To install click the Add extension button. That's it.

The source code for the WIKI 2 extension is being checked by specialists of the Mozilla Foundation, Google, and Apple. You could also do it yourself at any point in time.

4,5
Kelly Slayton
Congratulations on this excellent venture… what a great idea!
Alexander Grigorievskiy
I use WIKI 2 every day and almost forgot how the original Wikipedia looks like.
Live Statistics
English Articles
Improved in 24 Hours
Added in 24 Hours
What we do. Every page goes through several hundred of perfecting techniques; in live mode. Quite the same Wikipedia. Just better.
.
Leo
Newton
Brights
Milds

Spatial reference system

From Wikipedia, the free encyclopedia

A spatial reference system (SRS) or coordinate reference system (CRS) is a coordinate-based local, regional or global system used to locate geographical entities. A spatial reference system defines a specific map projection, as well as transformations between different spatial reference systems. Spatial reference systems are defined by the OGC's Simple Feature Access using well-known text representation of coordinate reference systems, and support has been implemented by several standards-based geographic information systems. Spatial reference systems can be referred to using a SRID integer, including EPSG codes defined by the International Association of Oil and Gas Producers. It is specified in ISO 19111:2007 Geographic information—Spatial referencing by coordinates, prepared by ISO/TC 211, also published as OGC Abstract Specification, Topic 2: Spatial referencing by coordinate.[1]

Components

In this Abstract Specification,[1] a coordinate reference system shall be composed of one coordinate system and one datum.

A coordinate system is a set of mathematical rules for specifying how coordinates are to be assigned to points, such as: affine, cylindrical, Cartesian, ellipsoidal, linear, polar, spherical, vertical, etc.

A datum is a set of parameters that define the position of the origin, the scale, and the orientation of a coordinate system.

The main subtypes of coordinate reference system are: geodetic, vertical, engineering, and image; additional subtypes are: derived, projected, and compound.

Examples

Some systems are:

Identifiers

A Spatial Reference System Identifier (SRID) is a unique value used to unambiguously identify projected, unprojected, and local spatial coordinate system definitions. These coordinate systems form the heart of all GIS applications.

Virtually all major spatial vendors have created their own SRID implementation or refer to those of an authority, such as the EPSG Geodetic Parameter Dataset.

SRIDs are the primary key for the Open Geospatial Consortium (OGC) spatial_ref_sys metadata table for the Simple Features for SQL Specification, Versions 1.1 and 1.2, which is defined as follows:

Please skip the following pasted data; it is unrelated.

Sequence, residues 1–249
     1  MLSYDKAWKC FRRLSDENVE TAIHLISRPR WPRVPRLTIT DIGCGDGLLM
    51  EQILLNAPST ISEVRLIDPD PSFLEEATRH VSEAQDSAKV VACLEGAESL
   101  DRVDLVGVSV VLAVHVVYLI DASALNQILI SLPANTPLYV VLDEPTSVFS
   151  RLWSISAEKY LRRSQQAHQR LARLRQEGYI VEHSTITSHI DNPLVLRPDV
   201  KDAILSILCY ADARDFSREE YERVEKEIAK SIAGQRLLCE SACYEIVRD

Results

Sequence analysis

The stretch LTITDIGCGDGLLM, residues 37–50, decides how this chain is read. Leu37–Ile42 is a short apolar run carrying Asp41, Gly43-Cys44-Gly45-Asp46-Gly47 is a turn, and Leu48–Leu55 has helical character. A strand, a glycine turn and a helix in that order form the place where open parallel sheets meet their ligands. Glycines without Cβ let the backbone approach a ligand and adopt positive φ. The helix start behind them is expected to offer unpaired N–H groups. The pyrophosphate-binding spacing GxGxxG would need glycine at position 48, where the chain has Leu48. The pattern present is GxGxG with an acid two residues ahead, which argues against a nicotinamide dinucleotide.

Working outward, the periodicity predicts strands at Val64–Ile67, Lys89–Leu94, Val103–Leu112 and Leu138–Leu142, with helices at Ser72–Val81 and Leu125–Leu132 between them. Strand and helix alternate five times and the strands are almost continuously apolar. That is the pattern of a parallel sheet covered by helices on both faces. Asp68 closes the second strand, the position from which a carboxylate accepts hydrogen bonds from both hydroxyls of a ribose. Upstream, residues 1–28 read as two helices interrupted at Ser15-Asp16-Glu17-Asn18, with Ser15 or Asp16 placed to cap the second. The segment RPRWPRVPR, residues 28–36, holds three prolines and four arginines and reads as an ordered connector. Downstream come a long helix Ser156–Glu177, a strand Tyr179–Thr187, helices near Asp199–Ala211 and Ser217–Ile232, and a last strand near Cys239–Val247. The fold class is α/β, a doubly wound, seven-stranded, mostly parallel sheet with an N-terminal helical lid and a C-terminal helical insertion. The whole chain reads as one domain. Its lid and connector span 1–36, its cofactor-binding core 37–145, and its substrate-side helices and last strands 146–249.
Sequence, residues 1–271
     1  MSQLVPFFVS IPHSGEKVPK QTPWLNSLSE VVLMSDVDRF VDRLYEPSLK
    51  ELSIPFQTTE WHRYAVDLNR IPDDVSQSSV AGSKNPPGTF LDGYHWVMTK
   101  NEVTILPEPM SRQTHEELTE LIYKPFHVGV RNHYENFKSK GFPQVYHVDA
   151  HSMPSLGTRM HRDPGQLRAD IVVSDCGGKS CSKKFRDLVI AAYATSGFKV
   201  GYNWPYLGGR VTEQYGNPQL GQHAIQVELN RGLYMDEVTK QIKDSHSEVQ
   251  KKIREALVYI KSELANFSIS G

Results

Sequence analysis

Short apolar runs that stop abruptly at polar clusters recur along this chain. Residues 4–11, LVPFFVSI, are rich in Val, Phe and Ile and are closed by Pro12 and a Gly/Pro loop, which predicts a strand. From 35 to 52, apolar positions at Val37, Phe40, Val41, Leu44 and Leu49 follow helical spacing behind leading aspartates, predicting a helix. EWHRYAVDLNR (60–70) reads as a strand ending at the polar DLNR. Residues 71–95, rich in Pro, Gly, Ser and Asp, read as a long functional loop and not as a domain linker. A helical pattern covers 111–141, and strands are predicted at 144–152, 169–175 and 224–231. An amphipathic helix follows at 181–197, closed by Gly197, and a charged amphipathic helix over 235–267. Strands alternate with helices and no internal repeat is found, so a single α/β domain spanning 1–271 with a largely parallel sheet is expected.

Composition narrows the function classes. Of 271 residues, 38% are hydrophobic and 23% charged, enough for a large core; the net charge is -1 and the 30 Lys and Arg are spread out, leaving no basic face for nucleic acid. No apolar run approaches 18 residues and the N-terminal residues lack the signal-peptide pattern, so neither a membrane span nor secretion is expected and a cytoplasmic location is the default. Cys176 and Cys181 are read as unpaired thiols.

CREATE TABLE SPATIAL_REF_SYS
(
    SRID      INTEGER   NOT NULL PRIMARY KEY,
    AUTH_NAME CHARACTER VARYING(256),
    AUTH_SRID INTEGER,
    SRTEXT    CHARACTER VARYING(2048)
)

In spatially enabled databases (such as IBM DB2, IBM Informix, Ingres, Microsoft SQL Server, MySQL, Oracle RDBMS, Teradata, PostGIS, SQL Anywhere and Vertica), SRIDs are used to uniquely identify the coordinate systems used to define columns of spatial data or individual spatial objects in a spatial column (depending on the spatial implementation). SRIDs are typically associated with a well-known text (WKT) string definition of the coordinate system (SRTEXT, above). Here are two common coordinate systems with their EPSG SRID value followed by their WKT:

UTM, Zone 17N, NAD27 — SRID 2029:

PROJCS["NAD27(76) / UTM zone 17N",
    GEOGCS["NAD27(76)",
        DATUM["North_American_Datum_1927_1976",
            SPHEROID["Clarke 1866",6378206.4,294.9786982138982,
                AUTHORITY["EPSG","7008"]],
            AUTHORITY["EPSG","6608"]],
        PRIMEM["Greenwich",0,
            AUTHORITY["EPSG","8901"]],
        UNIT["degree",0.01745329251994328,
            AUTHORITY["EPSG","9122"]],
        AUTHORITY["EPSG","4608"]],
    UNIT["metre",1,
        AUTHORITY["EPSG","9001"]],
    PROJECTION["Transverse_Mercator"],
    PARAMETER["latitude_of_origin",0],
    PARAMETER["central_meridian",-81],
    PARAMETER["scale_factor",0.9996],
    PARAMETER["false_easting",500000],
    PARAMETER["false_northing",0],
    AUTHORITY["EPSG","2029"],
    AXIS["Easting",EAST],
    AXIS["Northing",NORTH]]

WGS84 — SRID 4326

GEOGCS["WGS 84",
    DATUM["WGS_1984",
        SPHEROID["WGS 84",6378137,298.257223563,
            AUTHORITY["EPSG","7030"]],
        AUTHORITY["EPSG","6326"]],
    PRIMEM["Greenwich",0,
        AUTHORITY["EPSG","8901"]],
    UNIT["degree",0.01745329251994328,
        AUTHORITY["EPSG","9122"]],
    AUTHORITY["EPSG","4326"]]

SRID values associated with spatial data can be used to constrain spatial operations — for instance, spatial operations cannot be performed between spatial objects with differing SRIDs in some systems, or trigger coordinate system transformations between spatial objects in others.

See also

References

  1. ^ a b "Abstract Specifications | OGC". www.opengeospatial.org. Retrieved 2018-12-25.

External links

This page was last edited on 11 May 2020, at 18:34
Basis of this page is in Wikipedia. Text is available under the CC BY-SA 3.0 Unported License. Non-text media are available under their specified licenses. Wikipedia® is a registered trademark of the Wikimedia Foundation, Inc. WIKI 2 is an independent company and has no affiliation with Wikimedia Foundation.